Lafayette SB budget battle quiet as it heads to public hearing _lowres

Advocate staff file photo by BRYAN TUCK -- Former Lafayette Parish Schools Superintendent Pat Cooper pictured here at an August 2014 school board meeting.

Ousted Lafayette Parish schools Superintendent Pat Cooper could get another day in court to challenge his termination.

In a hearing set Dec. 7, state District Judge Patrick Michot will consider whether to grant Cooper a new trial. The hearing comes after Michot’s ruling last month upholding Cooper’s firing, though based on only one of the four charges the School Board accepted as grounds for termination in November 2014.

Cooper filed the motion earlier this month.

Two of the three charges that Michot discounted involve the continual employment and payment of Thad Welch, a special assistant to the superintendent. Michot also found the board erred in its interpretation of Cooper’s contract related to payment of legal services. Cooper had used board funds to pay his attorney, Lane Roy, about $5,100 in 2013 when the board was preparing to file a formal reprimand against him related to the Welch employment issue.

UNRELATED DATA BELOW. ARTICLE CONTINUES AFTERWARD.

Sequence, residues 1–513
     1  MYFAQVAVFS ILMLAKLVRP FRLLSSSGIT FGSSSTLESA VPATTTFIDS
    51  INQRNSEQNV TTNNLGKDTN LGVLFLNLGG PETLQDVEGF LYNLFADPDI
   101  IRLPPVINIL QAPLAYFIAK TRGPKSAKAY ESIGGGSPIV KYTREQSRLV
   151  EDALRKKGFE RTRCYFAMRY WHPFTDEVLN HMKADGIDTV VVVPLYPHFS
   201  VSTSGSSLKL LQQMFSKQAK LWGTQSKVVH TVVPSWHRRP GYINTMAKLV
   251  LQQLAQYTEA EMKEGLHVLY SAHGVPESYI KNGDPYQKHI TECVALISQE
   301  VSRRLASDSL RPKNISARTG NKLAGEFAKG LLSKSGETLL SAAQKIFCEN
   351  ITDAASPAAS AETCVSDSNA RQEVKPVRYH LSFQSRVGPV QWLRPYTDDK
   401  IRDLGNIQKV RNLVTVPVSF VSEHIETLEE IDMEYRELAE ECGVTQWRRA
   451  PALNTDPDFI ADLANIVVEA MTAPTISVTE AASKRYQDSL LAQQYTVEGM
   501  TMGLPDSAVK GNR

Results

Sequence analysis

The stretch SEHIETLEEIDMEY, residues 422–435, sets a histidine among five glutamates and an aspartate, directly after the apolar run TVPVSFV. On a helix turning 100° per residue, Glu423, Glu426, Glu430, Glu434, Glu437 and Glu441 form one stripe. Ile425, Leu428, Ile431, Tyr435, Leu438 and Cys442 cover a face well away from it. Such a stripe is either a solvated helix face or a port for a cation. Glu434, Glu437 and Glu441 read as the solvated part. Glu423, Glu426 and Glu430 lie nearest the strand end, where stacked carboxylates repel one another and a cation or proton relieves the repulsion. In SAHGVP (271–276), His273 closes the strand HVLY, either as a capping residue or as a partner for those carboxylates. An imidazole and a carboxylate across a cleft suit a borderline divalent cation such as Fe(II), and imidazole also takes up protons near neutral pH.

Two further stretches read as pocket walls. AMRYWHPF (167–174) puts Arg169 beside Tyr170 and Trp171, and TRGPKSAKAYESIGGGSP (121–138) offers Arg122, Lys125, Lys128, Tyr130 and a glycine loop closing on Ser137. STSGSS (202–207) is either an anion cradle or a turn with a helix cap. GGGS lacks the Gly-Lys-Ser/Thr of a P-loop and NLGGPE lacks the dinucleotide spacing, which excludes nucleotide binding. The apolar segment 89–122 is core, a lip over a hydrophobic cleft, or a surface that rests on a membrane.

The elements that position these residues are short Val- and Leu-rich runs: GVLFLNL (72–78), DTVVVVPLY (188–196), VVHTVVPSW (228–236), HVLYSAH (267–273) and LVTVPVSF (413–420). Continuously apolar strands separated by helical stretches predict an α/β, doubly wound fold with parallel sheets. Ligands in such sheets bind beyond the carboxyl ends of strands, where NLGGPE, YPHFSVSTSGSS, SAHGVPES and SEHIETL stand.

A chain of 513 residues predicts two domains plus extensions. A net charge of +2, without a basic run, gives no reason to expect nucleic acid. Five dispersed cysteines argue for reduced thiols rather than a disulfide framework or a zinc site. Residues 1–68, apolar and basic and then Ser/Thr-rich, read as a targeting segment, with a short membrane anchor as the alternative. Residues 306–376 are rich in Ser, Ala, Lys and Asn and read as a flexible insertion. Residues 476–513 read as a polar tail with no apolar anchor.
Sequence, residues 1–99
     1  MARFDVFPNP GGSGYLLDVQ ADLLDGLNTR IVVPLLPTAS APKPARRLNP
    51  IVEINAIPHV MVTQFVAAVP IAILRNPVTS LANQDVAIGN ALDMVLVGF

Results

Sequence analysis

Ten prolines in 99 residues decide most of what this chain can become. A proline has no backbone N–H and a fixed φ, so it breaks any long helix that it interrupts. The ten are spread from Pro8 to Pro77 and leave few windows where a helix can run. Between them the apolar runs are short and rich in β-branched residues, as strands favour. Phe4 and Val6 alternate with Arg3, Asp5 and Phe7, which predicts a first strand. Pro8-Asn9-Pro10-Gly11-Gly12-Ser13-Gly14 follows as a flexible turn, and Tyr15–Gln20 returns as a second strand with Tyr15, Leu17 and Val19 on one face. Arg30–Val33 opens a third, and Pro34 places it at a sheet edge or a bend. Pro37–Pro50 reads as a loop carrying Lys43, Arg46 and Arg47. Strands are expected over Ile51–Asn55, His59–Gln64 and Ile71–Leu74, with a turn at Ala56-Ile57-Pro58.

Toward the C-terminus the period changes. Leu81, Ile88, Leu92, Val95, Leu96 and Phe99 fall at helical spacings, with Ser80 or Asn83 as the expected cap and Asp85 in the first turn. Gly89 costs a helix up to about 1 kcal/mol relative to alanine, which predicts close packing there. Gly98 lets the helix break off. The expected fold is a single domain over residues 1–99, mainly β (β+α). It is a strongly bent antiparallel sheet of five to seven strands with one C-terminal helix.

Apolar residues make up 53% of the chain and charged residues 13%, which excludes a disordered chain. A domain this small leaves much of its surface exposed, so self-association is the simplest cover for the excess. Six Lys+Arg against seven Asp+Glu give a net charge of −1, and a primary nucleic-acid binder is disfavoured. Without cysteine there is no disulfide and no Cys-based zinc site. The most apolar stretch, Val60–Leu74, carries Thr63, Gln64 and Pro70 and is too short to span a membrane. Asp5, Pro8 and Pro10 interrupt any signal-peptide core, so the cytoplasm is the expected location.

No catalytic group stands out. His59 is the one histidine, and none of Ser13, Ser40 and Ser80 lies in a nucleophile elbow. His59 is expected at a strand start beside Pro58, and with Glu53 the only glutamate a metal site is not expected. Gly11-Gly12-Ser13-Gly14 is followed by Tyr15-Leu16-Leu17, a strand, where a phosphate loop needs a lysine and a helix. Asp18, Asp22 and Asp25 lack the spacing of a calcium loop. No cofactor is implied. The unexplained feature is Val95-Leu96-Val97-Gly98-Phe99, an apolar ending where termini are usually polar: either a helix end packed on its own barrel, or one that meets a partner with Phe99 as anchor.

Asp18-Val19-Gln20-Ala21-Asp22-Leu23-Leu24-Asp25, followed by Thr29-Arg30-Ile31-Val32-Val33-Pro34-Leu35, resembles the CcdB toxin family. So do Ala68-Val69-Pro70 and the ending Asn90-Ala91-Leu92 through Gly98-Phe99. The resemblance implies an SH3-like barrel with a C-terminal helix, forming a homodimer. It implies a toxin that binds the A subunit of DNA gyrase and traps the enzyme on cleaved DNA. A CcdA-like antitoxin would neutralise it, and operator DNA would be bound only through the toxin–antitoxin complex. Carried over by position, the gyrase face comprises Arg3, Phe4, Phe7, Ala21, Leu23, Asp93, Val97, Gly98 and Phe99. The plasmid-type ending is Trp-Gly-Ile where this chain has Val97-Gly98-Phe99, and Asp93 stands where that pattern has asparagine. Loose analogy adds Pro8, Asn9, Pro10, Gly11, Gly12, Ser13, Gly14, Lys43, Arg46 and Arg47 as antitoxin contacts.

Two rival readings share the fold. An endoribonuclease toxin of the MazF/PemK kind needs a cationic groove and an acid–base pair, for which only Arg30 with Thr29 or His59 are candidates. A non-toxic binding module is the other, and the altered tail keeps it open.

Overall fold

Michot upheld the board’s decision related to Cooper’s decision to pay some principals higher salaries than the board-approved salary schedule.

Now, Cooper’s attorney wants the judge to reconsider his decision.

Roy argued in court filings that if state law gives Cooper authority to affix teachers’ salaries, then he has the authority to set the salaries of principals, as well.

“Each of the principals was required to have a teaching certificate, in fact, all were teachers,” Roy wrote. “The superintendent is classified as a teacher as are the assistant superintendents and many others in the central office. The fact that they are not in the classroom does not mean that they are not teachers, and counsel knows that.”

Cooper offers no new evidence in his request for a new trial and he made similar arguments in prior court filings and in court last month, board attorney Dennis Blunt wrote in court filings made earlier this month.

Follow Marsha Sills on Twitter, @Marsha_Sills.